The protagonist is Asano who has had an amazing memory since his youth spent in Okinawa. Words have tangible shapes, tastes and colours for him. This goes so far that he is not even able to... See full summary »


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Credited cast:
Georgina Hobson
Christa Hughes
Kevin Sherlock ...
Mavis Xu


The protagonist is Asano who has had an amazing memory since his youth spent in Okinawa. Words have tangible shapes, tastes and colours for him. This goes so far that he is not even able to forget words once he has heard them. He travels the seas and because 'Hong Kong' feels wonderful, he goes ashore there. He chances upon the Dive Bar, that soon turns out to be the haven of comfort he has been seeking since his youth. The bar is run by the flamboyant, hospitable Kevin, who is also an alcoholic, eclectic lover and a perfect confidant to Asano. But Kevin keeps forgetting all kinds of things and that gets him into trouble sometimes. Words seem only to stand in the way of the relationship between Asano and Kevin... Written by Bastiaan van Gestel <>

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Release Date:

7 August 1999 (Japan)  »

Also Known As:

Away with Words  »

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Aspect Ratio:

1.66 : 1
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User Reviews

Words, not Phrases
2 March 2007 | by (Virginia Beach) – See all my reviews

Here's the logic you might use to seek this out: To be a lucid life today means you need to understand how you use image to see yourself. That means you will end several important adventures with Kar-Wai Wong. And if you are at all alert, you'll want to explore Chris Doyle, the cinematographer in that collaboration.

Here's Doyle's project where he forms something alone. Seeing the limits of what he can each is as enjoyable as the memory flavors he can deliver.

I've said before that if you get a serious actor, you will find him or her so dedicated to what matters, they'll become incapable of actually making a film as filmmaker. May as well ask a roast to make a meal. The same is true of a cinematographer, I think. Now we're talking real films here, those that matter, those that have some valuable, effective shape as an assembly. These are rare, compared to the larger group of projects that give us pretty things, engaging characters and/or stories that charm. This business of assembly, of making the whole hour and a half or two have being that seems as big as the world, now that's mastery. Kar-Wai Wong can do this in ways that reweave parts of your soul.

The way it works, I think, is KWW intuits the way the world works, and sculpts sharp pieces from that intuition. Doyle then breathes animating magic into those bits, but what he sees is the bits, not the dream of the whole world. He's a souschef. For him to actually dance with my inner self, he needs arms that can surround my imagination whole, not in bites.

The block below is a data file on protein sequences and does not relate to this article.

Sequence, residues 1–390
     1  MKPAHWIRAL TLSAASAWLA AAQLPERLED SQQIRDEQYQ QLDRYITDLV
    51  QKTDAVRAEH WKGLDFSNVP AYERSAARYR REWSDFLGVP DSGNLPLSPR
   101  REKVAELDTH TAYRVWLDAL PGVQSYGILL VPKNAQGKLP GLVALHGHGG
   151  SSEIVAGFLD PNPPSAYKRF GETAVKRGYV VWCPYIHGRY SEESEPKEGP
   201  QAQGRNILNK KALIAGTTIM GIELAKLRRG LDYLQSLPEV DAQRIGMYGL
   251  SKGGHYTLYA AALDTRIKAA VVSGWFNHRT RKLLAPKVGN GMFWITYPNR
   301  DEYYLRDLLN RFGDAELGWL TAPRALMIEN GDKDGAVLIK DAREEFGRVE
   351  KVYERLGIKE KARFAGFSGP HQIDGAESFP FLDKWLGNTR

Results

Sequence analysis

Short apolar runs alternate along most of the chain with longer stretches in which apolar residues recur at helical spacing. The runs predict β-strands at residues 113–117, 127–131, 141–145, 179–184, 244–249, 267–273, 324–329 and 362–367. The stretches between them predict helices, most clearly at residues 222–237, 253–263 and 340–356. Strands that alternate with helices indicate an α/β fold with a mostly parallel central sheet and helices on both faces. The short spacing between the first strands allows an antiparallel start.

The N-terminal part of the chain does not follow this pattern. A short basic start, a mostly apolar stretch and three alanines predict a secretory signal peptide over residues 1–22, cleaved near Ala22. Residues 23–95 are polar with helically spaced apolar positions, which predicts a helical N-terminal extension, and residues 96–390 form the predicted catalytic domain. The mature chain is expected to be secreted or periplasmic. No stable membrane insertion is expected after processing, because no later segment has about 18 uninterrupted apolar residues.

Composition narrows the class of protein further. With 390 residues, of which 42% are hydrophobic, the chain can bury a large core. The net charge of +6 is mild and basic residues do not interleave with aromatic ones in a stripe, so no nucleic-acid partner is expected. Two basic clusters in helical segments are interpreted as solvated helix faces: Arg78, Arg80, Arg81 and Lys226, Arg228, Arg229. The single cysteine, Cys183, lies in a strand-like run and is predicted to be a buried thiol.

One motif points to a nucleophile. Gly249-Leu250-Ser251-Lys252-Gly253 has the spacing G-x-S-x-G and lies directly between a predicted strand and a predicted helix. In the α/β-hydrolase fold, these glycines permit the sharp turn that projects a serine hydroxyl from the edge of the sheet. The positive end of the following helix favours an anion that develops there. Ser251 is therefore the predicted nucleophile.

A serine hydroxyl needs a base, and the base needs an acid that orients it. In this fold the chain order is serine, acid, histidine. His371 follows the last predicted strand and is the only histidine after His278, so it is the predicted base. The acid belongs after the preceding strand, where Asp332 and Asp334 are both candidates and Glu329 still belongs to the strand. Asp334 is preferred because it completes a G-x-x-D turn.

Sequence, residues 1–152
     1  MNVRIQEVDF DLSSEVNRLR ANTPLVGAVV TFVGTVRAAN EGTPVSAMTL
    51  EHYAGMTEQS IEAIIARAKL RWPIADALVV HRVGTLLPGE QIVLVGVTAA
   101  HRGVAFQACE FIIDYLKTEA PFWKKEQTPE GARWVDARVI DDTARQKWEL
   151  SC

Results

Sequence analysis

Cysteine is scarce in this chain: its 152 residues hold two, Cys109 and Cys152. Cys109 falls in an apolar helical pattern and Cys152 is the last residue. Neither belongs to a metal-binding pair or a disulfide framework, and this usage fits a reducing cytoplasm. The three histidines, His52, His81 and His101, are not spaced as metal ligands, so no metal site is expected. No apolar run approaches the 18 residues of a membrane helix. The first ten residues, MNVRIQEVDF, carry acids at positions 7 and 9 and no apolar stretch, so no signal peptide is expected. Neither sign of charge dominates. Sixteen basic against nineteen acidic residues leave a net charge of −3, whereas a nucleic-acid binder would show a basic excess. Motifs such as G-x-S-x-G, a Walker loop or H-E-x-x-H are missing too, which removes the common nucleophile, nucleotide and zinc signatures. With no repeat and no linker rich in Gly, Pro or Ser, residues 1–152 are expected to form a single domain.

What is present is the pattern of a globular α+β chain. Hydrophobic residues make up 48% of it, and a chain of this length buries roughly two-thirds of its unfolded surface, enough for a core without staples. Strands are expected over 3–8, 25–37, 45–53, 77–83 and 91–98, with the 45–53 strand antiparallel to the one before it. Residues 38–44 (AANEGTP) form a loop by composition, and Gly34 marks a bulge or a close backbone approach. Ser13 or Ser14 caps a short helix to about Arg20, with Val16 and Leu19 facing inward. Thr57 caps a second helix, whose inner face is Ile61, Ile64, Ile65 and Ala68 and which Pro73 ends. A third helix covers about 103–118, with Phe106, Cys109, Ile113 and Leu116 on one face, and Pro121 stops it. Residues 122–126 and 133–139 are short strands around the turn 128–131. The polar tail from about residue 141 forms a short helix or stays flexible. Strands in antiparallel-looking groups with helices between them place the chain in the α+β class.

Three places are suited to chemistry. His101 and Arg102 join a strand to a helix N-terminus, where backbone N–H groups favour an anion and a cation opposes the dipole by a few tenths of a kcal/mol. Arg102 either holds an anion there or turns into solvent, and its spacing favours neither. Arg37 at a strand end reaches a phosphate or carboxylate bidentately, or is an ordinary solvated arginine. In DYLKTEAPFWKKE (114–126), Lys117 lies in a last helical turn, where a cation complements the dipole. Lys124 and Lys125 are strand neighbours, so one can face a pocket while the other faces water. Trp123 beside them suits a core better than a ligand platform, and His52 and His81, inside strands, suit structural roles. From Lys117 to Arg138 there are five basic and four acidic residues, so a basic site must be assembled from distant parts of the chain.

Now the fun of this. Three bodies on screen representing three realities of the collaborator Doyle needs. There's a Japanese fellow, who remembers everything, holds those memories as words and transforms each word into a vision. These are nouns not verbs, and the "visions" are all of objects. We see lots of intertitles where words and their visual assignment (denoted by a word!) are shown, sometimes dissolving. This fellow has lots of internal dialogs about the curse of memory.

There's an Australian who owns the bar. He's a promiscuous gay, and a serious beer drunk. (Doyle is Australian. I not know how he shares his body.) He's one who tastes life at the boundaries (preferring policemen), and forgets everything including his address, so he has trouble getting home every night. He openly muses on what he's forgotten

And then there's Susie, the home, the earth. A simple, accepting beauty. Patient. Forgiving. The actress has one of those faces that deeply looks like it merely looks deep. She's a seamstress, a fashion designer of significant talent.

It would be a wonderful construction if it weren't so film-schoolish in its obviousness, and so sophomoric in the way he has to explain it to us.

Never mind; you knew at the beginning of this comment that he would fail in the long form composition.

Its the way he chooses the shape of each scene to explore visual memory that's of interest. You could think of it as a "Marienbad" in small bits, each a camera-centered eye poem. He and Goddard would have eaten each other. He and Wong stream colored ribbons that tie themselves into emotions. Him by himself. Dessert.

There's an interesting insertion at the beginning, an Australian performer/singer whose gimmick is gargle-singing with a mouth full of beer. More of this, which is to say more of Maddin or alternatively Fruit Chan, would work better, would make him by himself a poet that matters.

Ted's Evaluation -- 3 of 3: Worth watching.

11 of 16 people found this review helpful.  Was this review helpful to you?

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